There’s no better representation of Manchester United than trying to keep Ashley Young

Young’s potential transfer, and Manchester United’s effort to keep him, perfectly embodies how far the club has fallen.

It’s been an embarrassing few weeks for Manchester United. First they collapsed limply against Arsenal, a defeat compounded by Leeds’ thrilling performance at the Emirates a week later. Then they were blown into tiny humiliated pieces by Manchester City. And now, the embarrassing cherry on this humiliating cake, club captain Ashley Young might be about to leave.

Stop laughing at the back.

Young, according to the rumour mill, may be moving to Internazionale to join Antonio Conte and Romelu Lukaku as they attempt to break Juventus’ stranglehold on the title. United, in response, have reportedly offered Young a year’s extension to his contract, which expires in the summer. This offer makes no sense and makes perfect sense simultaneously.

There is no reason why Manchester United — as they think they should be, as habit insists they should be, as the sponsorship deals suggest they should be — need trouble themselves with the departure of a 34-year-old squad player. However experienced, however much of a leader, however useful: so long, Ash, and thanks for all that hard work at fullback. Also there was that time a bird went in your mouth. We’ll leave that out of the farewell montage.

However, Manchester United as they are can’t really afford to lose a squad player of Young’s usefulness because, well, they have a squad made up of nothing but squad players. Every first-teamer — with maybe a handful of exceptions, which we’ll get to later — is, in this moment, good enough to appear on the bench of (the ideal ) Manchester United as an option, or a prospect, or as somebody that will do a job in a pinch. But no better.

The Ashley Young Paradox, then, is the contradiction between the abstract and the specific states in which Manchester United exists. It is extremely important that they continue to pretend that they are Manchester United, swaggering champions by right. Yet they cannot let Ashley Young go because they think they could do with having him around. And they’re probably right.

A powerful feedback loop has emerged: United can’t let anybody go, but then they don’t get any better because — surprise — they’ve got a squad filled with squad players. Ashley Young is just as important as Juan Mata (new contract in 2019; runs to 2021), or Phil Jones (same; runs to 2023), or Nemanja Matic (contract expiring this summer, but there’s a year option there ...). This is why every Manchester United lineup is underwhelming: Solskjaer doesn’t have the options to whelm.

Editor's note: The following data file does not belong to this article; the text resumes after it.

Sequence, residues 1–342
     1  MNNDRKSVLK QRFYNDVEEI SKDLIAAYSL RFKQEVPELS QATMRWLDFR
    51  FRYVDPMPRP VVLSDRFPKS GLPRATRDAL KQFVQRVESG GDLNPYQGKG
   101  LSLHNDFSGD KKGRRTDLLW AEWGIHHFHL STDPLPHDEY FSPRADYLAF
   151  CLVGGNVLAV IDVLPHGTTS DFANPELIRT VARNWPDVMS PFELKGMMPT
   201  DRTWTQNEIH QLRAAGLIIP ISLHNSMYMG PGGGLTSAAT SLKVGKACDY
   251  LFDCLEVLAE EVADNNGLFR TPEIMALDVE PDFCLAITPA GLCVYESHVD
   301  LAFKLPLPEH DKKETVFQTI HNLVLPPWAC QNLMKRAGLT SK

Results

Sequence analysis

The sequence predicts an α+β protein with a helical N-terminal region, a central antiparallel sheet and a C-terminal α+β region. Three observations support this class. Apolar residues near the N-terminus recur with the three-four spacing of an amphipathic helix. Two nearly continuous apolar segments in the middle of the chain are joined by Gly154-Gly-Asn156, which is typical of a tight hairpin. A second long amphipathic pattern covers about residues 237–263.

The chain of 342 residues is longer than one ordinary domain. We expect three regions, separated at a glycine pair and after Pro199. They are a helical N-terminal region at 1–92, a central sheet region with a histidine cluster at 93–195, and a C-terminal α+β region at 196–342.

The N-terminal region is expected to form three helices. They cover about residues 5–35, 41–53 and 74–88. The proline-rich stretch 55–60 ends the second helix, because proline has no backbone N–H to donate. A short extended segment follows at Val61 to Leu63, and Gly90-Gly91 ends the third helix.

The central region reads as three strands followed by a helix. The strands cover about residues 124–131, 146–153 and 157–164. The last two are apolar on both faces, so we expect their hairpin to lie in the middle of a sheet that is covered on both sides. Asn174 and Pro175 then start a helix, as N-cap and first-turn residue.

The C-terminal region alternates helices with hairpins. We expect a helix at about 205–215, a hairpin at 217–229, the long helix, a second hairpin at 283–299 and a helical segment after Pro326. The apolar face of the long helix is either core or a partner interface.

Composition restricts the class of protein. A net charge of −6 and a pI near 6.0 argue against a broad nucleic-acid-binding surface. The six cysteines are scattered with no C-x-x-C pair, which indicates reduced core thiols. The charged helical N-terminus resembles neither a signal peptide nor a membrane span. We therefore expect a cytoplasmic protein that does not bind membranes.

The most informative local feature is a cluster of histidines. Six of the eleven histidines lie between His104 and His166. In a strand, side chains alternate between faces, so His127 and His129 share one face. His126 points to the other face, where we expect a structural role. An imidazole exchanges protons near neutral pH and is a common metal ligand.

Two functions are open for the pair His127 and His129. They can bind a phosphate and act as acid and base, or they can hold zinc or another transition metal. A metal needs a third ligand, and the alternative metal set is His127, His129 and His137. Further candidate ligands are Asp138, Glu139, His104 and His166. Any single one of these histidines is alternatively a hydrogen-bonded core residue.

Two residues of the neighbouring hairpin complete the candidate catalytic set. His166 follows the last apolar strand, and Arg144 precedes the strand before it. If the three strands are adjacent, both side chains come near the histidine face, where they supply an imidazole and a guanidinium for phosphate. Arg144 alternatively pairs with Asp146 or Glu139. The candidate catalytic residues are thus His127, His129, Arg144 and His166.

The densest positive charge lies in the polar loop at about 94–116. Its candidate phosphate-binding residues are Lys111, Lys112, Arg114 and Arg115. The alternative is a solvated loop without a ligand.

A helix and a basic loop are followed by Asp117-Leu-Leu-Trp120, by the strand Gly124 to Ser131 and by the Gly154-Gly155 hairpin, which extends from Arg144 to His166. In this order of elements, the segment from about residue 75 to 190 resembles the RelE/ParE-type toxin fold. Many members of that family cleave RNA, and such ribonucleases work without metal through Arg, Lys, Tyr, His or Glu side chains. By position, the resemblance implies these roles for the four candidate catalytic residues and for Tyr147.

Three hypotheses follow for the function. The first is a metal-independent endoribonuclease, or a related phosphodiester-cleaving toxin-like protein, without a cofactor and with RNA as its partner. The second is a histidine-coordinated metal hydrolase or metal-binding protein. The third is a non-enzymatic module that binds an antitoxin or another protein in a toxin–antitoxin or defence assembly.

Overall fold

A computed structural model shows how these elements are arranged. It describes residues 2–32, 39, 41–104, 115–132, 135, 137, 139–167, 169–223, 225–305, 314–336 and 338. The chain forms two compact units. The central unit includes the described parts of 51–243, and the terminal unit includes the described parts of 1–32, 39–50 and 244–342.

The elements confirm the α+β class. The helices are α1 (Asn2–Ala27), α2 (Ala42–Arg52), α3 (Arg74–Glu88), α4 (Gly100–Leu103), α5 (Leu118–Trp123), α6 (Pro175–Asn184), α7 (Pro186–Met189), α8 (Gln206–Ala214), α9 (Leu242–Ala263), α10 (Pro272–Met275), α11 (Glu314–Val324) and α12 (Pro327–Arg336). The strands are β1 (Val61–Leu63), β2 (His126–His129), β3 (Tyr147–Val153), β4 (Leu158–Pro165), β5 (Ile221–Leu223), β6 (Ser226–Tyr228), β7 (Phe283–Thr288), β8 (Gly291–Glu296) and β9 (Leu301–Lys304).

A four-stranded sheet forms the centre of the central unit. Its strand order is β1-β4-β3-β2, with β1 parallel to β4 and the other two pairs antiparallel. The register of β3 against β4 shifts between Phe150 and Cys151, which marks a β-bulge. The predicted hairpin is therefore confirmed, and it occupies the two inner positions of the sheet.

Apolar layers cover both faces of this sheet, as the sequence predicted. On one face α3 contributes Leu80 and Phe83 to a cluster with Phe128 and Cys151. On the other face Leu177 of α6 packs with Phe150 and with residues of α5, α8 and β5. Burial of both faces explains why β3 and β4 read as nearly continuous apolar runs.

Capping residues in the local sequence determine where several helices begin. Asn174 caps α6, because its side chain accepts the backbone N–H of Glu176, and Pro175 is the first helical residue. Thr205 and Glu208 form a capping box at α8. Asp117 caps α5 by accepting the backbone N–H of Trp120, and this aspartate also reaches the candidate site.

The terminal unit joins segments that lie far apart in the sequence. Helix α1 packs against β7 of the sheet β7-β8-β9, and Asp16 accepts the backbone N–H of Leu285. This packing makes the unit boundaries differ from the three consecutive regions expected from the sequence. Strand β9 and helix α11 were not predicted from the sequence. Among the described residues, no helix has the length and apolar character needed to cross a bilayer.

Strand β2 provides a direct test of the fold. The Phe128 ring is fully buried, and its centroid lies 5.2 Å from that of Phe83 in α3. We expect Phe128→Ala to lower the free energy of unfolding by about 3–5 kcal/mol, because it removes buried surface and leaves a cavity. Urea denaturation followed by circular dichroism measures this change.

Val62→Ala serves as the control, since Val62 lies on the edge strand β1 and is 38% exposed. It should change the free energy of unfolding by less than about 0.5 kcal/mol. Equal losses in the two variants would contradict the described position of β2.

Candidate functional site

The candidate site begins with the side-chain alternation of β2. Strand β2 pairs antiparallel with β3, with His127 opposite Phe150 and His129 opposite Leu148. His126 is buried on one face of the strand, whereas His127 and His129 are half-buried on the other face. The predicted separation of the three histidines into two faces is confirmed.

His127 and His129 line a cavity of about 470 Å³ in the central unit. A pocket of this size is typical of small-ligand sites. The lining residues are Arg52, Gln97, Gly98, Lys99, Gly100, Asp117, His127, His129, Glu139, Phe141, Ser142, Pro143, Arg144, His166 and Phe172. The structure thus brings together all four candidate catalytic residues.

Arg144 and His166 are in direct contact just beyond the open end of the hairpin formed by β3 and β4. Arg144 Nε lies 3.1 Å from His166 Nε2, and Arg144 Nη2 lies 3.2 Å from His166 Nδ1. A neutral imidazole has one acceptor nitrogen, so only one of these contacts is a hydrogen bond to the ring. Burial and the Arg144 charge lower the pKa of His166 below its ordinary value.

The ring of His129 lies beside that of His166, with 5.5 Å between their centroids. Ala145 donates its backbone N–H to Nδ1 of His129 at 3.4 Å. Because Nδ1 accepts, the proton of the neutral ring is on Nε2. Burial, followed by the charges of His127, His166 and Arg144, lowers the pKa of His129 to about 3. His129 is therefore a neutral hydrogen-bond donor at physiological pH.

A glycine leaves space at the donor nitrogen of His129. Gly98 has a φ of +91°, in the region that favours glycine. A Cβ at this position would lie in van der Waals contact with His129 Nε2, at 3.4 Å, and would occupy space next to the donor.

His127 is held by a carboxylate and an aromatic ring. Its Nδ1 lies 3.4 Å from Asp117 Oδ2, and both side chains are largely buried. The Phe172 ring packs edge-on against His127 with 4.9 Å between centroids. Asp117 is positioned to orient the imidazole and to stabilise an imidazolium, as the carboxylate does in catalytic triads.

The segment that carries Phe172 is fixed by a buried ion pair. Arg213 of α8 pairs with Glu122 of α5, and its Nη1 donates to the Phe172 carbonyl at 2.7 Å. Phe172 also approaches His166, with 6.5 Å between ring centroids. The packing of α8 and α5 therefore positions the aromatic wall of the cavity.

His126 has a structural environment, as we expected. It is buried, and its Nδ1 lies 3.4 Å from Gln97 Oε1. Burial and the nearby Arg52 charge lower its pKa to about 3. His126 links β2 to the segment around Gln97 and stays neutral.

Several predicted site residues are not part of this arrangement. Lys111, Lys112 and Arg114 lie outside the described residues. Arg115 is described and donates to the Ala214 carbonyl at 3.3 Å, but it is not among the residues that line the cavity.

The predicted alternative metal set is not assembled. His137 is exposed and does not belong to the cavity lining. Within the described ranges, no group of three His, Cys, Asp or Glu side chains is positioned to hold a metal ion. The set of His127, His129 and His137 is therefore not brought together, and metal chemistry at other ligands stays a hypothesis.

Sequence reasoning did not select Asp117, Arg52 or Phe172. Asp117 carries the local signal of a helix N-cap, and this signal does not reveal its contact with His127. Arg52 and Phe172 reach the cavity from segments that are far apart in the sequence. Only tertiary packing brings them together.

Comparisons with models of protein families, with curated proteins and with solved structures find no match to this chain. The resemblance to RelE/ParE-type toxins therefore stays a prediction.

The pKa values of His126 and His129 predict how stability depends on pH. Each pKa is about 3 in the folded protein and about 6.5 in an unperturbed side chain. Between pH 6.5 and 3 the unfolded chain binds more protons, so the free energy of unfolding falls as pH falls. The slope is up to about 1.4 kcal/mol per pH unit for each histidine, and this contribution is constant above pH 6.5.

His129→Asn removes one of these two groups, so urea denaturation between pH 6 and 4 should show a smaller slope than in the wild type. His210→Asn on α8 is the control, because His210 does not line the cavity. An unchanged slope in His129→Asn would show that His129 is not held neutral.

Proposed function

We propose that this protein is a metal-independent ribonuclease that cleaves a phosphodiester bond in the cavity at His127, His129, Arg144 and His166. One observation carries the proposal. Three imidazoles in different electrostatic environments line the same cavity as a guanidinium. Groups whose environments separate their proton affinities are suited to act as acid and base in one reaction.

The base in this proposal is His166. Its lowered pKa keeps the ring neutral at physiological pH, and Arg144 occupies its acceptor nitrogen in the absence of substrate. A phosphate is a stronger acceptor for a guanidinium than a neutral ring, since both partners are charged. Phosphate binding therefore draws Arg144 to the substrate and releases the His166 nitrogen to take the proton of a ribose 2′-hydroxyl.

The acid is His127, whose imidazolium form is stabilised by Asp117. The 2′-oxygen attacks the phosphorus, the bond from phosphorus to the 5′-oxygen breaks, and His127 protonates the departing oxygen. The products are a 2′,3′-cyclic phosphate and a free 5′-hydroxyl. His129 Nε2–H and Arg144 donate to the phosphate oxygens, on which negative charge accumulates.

Those exceptions, briefly. David de Gea and Paul Pogba on past brilliance. Anthony Martial on talent. And Aaron Wan-Bissaka and Harry Maguire were certainly brought in to form half of an elite defence.

None of them are playing up to their ceilings, though. Pogba’s barely playing at all. None would get anywhere near Liverpool’s first XI, 27 points distant. It’s not entirely clear that Maguire, on current form, would get back into Leicester’s.

Indeed, the only player in United’s squad who is playing like he belongs in the first XI of a genuinely powerful side is Marcus Rashford. As such, and in accordance with the traditions of our time, every time he has a quiet game half the internet finds him on social media and calls him appalling things.

It’s almost magical, the effect that moving to Manchester United has on footballers. Everything Fred the Red touches turns to 6 out of 10. Of course, this hasn’t come about by accident. Rather, it’s the culmination of many years of accident, mismanagement, negligence, inadequacy, arrogance, and straightforward stupidity. You can distribute those adjectives amongst the owners, the executive, the procession of managers, and the players as you please; you can’t go too far wrong.

Nobody wins a title without a few squad players, of course. They come off the bench to put useful shifts in. And there are coaches that can extract brilliance from squad players, and scouting departments that extract brilliance from the transfer market. And there are, so rumour has it, football clubs that manage to have both at the same time. Not United, though.

United are a riddle, wrapped in an enigma, wrapped in a paradox called Ashley Young, a faithful servant and useful squad player whose apparent importance only serves to emphasise the club’s increasing irrelevance.

All that said, he’s still a useful squad player.

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